Palpitations, and how to handle them
Palpitations are a relatively common sensation that many individuals have experienced at some point in their lives. They are defined as an awareness of one's often abnormal heartbeat and can range from a brief flutter to a sustained, racing-heart sensation. It is important to understand the underlying cause(s) and seek medical attention if necessary.
What causes palpitations?
The causes of palpitations can vary widely, and they can be classified into two broad categories: cardiac and non-cardiac.
Cardiac causes include arrhythmias, such as atrial fibrillation, supraventricular tachycardia and ventricular tachycardia — more on that below. Non-cardiac causes include anxiety, stress, caffeine, nicotine, medications and underlying medical conditions such as anaemia, hyperthyroidism and electrolyte imbalances.
1, Arrhythmias are the most common cardiac cause of palpitations. They occur when the normal electrical impulses in the heart are disrupted, leading to an irregular heartbeat.
· Atrial fibrillation is a common arrhythmia that can cause palpitations. It occurs when the upper cardiac chambers contract rapidly and irregularly, leading to a fast and chaotic heart rate.
· Supraventricular tachycardia (SVT) is another arrhythmia that can cause palpitations. It occurs when the electrical impulses in the atria, albeit regular, start or propagate in an abnormal and fast manner.
· Ventricular tachycardia (VT) is a potentially life-threatening arrhythmia that occurs when the lower cardiac chambers or ventricles contract rapidly and/or irregularly.
· Isolated extra heart beats, whether from the upper or the lower chambers of the heart, can also cause instantaneous but repetitive palpitations. In that group, this is the most common, and least concerning cause of palpitations.
2, Anxiety and stress are the most common non-cardiac causes of palpitations. They can cause the release of stress hormones, such as adrenalin, which can increase heart rate and blood pressure.
3, Caffeine, alcohol and nicotine are also common causes of palpitations. They can stimulate the heart, leading to a rapid heartbeat.
4, Certain medications, such as asthma inhalers, decongestants and some antidepressants, can also cause palpitations.
5, Medical conditions such as anaemia, overactive thyroid gland, and electrolyte imbalances can all do the same.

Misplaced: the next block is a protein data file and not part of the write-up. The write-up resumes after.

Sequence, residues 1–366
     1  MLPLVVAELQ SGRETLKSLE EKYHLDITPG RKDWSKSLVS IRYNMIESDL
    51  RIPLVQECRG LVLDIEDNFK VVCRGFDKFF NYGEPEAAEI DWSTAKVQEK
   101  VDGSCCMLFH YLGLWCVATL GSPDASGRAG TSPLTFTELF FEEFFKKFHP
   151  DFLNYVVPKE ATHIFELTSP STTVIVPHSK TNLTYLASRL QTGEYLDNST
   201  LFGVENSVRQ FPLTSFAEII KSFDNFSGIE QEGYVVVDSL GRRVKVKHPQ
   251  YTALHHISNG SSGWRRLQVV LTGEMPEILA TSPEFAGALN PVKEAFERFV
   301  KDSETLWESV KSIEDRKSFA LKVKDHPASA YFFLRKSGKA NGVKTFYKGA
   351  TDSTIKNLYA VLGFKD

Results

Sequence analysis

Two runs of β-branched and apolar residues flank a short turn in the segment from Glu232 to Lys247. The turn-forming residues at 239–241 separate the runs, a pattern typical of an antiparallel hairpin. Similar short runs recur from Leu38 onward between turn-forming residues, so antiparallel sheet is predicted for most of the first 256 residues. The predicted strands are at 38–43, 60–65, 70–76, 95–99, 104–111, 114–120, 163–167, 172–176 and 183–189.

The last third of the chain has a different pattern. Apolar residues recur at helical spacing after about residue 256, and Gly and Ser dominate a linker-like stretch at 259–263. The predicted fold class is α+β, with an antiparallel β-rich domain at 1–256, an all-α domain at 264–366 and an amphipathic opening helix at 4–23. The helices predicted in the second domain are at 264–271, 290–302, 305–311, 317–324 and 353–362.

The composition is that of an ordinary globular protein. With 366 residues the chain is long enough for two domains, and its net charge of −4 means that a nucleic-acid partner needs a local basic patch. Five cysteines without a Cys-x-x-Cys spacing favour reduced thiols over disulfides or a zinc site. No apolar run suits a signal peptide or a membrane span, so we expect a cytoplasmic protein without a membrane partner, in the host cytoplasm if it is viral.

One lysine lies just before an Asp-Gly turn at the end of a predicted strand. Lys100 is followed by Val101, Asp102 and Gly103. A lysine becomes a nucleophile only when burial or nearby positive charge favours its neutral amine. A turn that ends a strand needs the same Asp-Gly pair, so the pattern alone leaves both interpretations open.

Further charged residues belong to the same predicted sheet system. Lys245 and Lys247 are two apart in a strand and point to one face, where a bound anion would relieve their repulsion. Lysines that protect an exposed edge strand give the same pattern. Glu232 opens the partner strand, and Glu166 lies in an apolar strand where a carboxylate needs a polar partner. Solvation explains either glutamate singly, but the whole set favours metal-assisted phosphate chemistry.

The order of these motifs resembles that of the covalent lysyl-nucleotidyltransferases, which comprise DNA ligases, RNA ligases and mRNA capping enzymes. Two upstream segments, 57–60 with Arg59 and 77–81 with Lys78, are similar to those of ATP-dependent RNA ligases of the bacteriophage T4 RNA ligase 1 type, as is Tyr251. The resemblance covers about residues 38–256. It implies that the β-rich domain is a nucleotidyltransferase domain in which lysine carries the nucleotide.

How to diagnose the cause of palpitations?
A thorough medical history and physical examination are essential. The physician will ask about symptoms, medical history, family history, and medication use. He/she will also perform a physical examination, including listening to the heart and checking for signs of underlying medical conditions.
Diagnostic tests, such as those below, may be necessary.
1, ECG or electrocardiogram: it measures the heart's electrical activity and can help diagnose arrhythmias, like atrial fibrillation or extra beats.
2, An echocardiogram uses ultrasound to create images of the heart and can help detect structural abnormalities that can lead to arrhythmias.
3, A Holter monitor is a portable device that records the heart's electrical activity for 24 to 48 hours.
4, An event monitor is a portable device that records the heart's electrical activity for up to 30 days.
5, A loop recorder is inserted under the chest skin and can record heart rhythm changes for up to two years.
6, Recently the introduction of commercial portable devices, mainly smart watches that have the capability to record a rhythm strip, has helped uncover arrhythmias, like atrial fibrillation. However, it is worth mentioning that the accuracy of these wearables remains suboptimal and a misdiagnosis is quite common. In addition, many people using this technology are misinformed, thinking that the watch could uncover a “heart attack”. This in fact is very rare, as a full 12-lead ECG is needed for this — a smart watch records one lead only — and the watch algorithm does not screen for that. Instead, the main value of this feature is a brief electrical rhythm screening, as discussed above.
7, Blood tests can help detect underlying medical conditions, such as anaemia or thyroid disorders.
How to treat palpitations?
Treatment of palpitations depends on the underlying cause.
1, Identify triggers: keeping track of when palpitations occur and what activities or circumstances were happening before they started can help identify potential triggers.
2, Lifestyle modifications: reducing stress, avoiding alcohol, tobacco and caffeine, getting regular exercise, and maintaining a healthy diet can all help reduce the frequency and severity of palpitations.
3, If a given medication is the cause of palpitations, the physician may recommend adjusting the dosage or switching to a different preparation.
4, If the palpitations are caused by an arrhythmia, the physician may recommend medications to restore a normal heart beat. These may include beta-blockers, calcium channel blockers, or specialised anti-arrhythmic drugs.
5, Procedures: if a significant underlying heart condition is identified, procedures such as cardioversion (shocking the heart with an electrical current), ablation (eliminating the arrhythmia site from within the heart using special tools), or implantation of a pacemaker or a defibrillator may be indicated to cure or control palpitations.
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